The Riviera Set, by Mary S. Lovell
A true book for the summer: light, sun-tan-themed and – hello darling! – full of gossip, Mary Lovell’s thoroughly researched account of ‘The Riviera Set’ takes us further down the glitzy coast to Cannes. While telling the story of the American actress and businesswoman Maxine Elliot, the book is really an account of British revels at her outrageously decadent Art Deco villa, Château de l’Horizon. (Sometimes the name says it all.) The Windsors, the Aga Khan, Cecil Beaton, Richard Burton, David Lloyd George and, of course, Winston Churchill – to name but a few – all enjoyed the spectacular dinners and decadent parties at the villa that was later bought by Aly Kahn. Kahn famously held the reception of his wedding with Rita Hayworth there in 1949, perfuming the swimming pool with Eau de Cologne. But that is a story for another book.
Tender is the Night, by F. Scott Fitzgerald
Fitzgerald’s final book grows on you long after you have put it down – at least provided that you have read it (not just taken home from your trusted bookseller of choice because you liked the cover so much). The latter, to be fair, it quite possible, as Penguin has done an extraordinarily good job in finding beautiful covers for this title for decades now. In fact, it has happened that a second (and third) copy was bought years after the first one, simply because it looked so dashing in the shop…
More to the matter at hand, however, Fitzgerald’s nocturnal classic, undeservedly less famous than his earlier The Great Gatsby, is the not very well veiled story of the author’s own, exotic lifestyle and tragic marriage to the novelist, painter and socialite Zelda Sayre. Like the book’s characters Dick and Nicole, Fitzgerald and Zelda holidayed at the Côte d’Azur – as did all fashionable Americans in the 1920s – and it is the narrator’s unique tone in describing the opulence and ease of the Riviera lifestyle teaming with flappers, alcohol, and American Jazz during the interwar years that make the book the charming read it is. The fact that it was written by a Fitzgerald who had a little more life experience than the one who scripted the greatest party that Long Island had ever seen, ultimately makes it the better of the two. And you can always, of course, re-read Gatsby after, before, and even in between – just for the fun of it.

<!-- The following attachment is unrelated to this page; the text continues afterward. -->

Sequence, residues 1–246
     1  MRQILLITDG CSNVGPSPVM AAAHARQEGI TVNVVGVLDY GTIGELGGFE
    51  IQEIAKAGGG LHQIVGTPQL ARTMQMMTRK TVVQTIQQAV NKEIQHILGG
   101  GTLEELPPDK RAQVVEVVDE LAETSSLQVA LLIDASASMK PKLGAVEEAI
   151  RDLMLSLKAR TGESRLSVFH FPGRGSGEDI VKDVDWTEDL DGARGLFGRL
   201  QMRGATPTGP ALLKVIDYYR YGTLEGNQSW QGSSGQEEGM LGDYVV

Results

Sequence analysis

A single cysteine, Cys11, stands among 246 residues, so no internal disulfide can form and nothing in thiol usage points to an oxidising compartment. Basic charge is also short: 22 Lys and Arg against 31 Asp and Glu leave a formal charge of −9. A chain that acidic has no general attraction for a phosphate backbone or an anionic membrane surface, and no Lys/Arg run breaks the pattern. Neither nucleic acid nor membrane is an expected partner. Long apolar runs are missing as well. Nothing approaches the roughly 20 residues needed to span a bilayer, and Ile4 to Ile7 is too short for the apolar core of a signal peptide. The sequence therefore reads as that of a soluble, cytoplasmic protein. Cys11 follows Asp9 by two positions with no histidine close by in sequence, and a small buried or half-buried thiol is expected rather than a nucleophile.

The Woman Who Says No, by Malte Herwig
Much in the sense of serving the best for last, we cannot leave out of our bag one final title for the Riviera Reading list: It is the short, but substantial (always the best combo) biography of Françoise Gilot, the French painter who walked out on Pablo Picasso after spending ten years of her life with him – causing the outraged artist to prophesy her a life in oblivion. That nothing of the sort happened might be the reason that the convention of describing Gilot entails the word ‘feisty’, though ‘willful’, the word found some years ago by Dodie Kazanjian, is a so much better one.
Gilot decided early on in life – which for her started with a very disciplined upbringing of being tutored at home and beginning every day with an early morning ride in the Bois de Boulogne – that she wanted to be an artist ”with a big A”. Some years back, Gilot recorded the memoirs on her life with Picasso and the years the couple spent discussing art with their friends – among them Henry Matisse, Georges Braque, Gertrude Stein, and Alberto Giacometti. Herwig’s more recent, leisurely visits to Gilot’s ateliers in Paris and New York have enhanced this account by the protocol of a conversation with a female artist who stood her ground in the arena of the great artistic egos of the past century. Coco Chanel would have cheered much of what she says.